The Eastern Caribbean Monetary Council is considering a proposed amalgamation of the region’s banks in order to create more efficiency and stability within the financial system.
There are currently over three dozen banks listed across the OECS region where individual countries hold responsibility for licensing banks in their respective territories.
It is a situation which is described by Governor of the Eastern Caribbean Central Bank Sir Dwight Venner as a “banking overload”.
Sir Venner says there exists a strong case for amalgamating banks across the Eastern Caribbean which has a population of just over half a million.
“Legally we have 40 banks in the OECS and that is to say that because each country licenses banks separately, the Bank of Nova Scotia for example, which has seven branches in the Eastern Caribbean Currency Union, is regarded as seven banks, so we end up with 26 foreign banks and 14 local banks. For a population of 600,000 based on all the arithmetic, these are too many banks.”
The Eastern Caribbean Monetary Council has examined the possibility of amalgamating banks across the Currency Union and there is consensus that steps must be taken to advance this initiative.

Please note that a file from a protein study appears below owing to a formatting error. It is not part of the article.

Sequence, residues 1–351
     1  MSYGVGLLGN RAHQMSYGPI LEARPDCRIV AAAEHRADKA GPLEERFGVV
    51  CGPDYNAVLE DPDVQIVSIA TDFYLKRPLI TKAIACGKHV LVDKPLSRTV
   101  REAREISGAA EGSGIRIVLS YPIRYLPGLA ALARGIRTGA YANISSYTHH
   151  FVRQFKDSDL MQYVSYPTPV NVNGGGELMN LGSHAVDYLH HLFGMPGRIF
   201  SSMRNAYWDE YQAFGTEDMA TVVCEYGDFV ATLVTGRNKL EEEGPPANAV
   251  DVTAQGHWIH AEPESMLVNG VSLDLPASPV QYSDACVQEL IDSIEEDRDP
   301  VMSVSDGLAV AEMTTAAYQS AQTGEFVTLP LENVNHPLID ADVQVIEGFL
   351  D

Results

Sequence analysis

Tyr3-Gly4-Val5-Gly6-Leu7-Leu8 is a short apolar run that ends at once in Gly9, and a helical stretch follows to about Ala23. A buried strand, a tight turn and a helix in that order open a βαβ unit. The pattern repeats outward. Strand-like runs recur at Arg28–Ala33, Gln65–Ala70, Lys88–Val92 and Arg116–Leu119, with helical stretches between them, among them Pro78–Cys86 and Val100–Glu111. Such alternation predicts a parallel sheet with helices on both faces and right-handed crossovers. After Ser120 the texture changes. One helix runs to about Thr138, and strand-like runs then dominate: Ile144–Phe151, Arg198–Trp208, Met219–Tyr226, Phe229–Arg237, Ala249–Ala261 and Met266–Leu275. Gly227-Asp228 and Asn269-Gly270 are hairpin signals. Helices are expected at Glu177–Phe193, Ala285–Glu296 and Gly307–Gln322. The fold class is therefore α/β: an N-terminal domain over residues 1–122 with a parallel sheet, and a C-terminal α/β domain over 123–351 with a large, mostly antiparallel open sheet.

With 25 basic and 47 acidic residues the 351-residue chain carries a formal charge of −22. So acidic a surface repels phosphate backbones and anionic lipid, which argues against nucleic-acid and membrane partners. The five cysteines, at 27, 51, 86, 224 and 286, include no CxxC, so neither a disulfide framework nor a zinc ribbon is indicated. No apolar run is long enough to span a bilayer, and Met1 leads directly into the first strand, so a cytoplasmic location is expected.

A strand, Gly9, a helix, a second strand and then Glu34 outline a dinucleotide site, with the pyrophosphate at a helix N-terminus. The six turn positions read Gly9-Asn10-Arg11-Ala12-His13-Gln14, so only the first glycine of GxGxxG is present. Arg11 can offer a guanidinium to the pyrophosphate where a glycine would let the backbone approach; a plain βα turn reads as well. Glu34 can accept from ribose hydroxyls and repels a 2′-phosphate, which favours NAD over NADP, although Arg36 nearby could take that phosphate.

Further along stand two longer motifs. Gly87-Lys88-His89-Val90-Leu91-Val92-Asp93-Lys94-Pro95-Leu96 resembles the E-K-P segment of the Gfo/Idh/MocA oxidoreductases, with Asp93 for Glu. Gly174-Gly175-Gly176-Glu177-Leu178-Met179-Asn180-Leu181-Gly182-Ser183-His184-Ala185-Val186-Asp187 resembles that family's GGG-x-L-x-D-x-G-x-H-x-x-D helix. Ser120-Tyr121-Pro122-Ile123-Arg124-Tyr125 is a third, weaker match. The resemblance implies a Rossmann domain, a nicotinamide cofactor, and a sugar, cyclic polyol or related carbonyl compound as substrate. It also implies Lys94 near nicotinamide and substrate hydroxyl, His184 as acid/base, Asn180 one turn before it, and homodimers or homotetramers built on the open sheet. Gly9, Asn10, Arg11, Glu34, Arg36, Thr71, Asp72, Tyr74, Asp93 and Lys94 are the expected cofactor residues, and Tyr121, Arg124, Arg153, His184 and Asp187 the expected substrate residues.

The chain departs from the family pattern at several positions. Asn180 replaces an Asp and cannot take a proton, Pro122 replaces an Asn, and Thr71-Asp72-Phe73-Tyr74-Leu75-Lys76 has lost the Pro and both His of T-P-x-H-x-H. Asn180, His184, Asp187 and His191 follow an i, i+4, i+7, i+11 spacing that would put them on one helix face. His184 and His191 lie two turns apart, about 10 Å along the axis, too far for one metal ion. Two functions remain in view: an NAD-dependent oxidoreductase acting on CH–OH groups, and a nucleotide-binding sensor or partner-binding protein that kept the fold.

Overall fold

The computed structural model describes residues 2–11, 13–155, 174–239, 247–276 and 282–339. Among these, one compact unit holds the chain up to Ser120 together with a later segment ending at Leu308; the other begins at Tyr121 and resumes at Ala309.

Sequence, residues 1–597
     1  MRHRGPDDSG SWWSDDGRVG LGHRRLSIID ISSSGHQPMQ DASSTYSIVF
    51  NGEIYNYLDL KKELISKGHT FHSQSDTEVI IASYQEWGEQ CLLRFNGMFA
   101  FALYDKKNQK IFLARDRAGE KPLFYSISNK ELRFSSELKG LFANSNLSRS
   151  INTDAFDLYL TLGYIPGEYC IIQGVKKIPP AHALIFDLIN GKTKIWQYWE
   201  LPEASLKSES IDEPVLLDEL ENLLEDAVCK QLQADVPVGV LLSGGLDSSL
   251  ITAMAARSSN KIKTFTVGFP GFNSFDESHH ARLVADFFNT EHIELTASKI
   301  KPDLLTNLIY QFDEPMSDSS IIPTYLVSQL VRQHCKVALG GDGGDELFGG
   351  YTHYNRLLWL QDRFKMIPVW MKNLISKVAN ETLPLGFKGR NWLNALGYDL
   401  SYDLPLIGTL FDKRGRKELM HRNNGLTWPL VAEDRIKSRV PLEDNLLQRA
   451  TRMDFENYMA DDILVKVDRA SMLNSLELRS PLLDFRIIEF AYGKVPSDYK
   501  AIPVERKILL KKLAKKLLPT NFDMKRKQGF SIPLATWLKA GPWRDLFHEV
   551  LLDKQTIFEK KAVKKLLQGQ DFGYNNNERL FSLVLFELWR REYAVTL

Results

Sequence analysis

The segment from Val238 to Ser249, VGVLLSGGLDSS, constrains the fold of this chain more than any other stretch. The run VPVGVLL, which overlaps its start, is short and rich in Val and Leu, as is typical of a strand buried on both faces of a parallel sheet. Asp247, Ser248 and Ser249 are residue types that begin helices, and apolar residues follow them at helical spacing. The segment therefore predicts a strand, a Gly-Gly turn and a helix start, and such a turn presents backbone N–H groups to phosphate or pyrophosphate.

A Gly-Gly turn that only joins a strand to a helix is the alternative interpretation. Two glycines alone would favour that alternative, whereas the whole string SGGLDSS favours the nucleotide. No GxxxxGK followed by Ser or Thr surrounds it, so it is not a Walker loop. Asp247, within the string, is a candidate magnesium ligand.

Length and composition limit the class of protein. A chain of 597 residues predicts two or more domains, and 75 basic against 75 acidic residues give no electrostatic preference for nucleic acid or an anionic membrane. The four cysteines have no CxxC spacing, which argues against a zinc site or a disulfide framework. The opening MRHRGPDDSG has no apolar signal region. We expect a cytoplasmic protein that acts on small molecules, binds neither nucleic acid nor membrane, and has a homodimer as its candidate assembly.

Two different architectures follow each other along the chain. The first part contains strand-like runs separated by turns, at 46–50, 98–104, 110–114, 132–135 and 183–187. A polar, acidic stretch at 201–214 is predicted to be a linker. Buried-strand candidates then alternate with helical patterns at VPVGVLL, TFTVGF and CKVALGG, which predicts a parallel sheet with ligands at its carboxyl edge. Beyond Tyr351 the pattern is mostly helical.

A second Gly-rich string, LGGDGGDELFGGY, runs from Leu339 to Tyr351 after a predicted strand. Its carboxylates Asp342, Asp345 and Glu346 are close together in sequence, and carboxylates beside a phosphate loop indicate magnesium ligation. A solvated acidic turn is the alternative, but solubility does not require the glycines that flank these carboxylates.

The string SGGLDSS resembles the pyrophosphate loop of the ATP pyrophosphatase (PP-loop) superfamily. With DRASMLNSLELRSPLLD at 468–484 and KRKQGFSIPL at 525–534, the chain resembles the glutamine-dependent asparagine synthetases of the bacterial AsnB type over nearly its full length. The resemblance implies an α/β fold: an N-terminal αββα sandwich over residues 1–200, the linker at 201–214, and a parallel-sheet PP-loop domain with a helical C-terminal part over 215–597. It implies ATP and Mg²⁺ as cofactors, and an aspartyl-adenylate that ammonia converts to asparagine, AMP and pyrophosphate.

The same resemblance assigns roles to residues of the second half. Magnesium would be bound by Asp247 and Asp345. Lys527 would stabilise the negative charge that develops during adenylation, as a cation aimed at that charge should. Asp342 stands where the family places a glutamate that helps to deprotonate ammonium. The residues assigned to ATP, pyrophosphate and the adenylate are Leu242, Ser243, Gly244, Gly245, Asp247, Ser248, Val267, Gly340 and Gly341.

But the ECCB Governor advises that the amalgamation process must be undertaken carefully.
“Banks are not like supermarkets, if so they could be closed down with impunity. Banks hold the deposits of citizens and therefore must be treated differently. There is also the payment system where cheques are exchanged, not only within countries but between currencies, and any unraveling of that system could be chaotic so one must proceed in a very measured way and that is what is taking place.”
The ECCB governor warns that in order for the region’s banking system to remain profitable and viable several banks must join forces.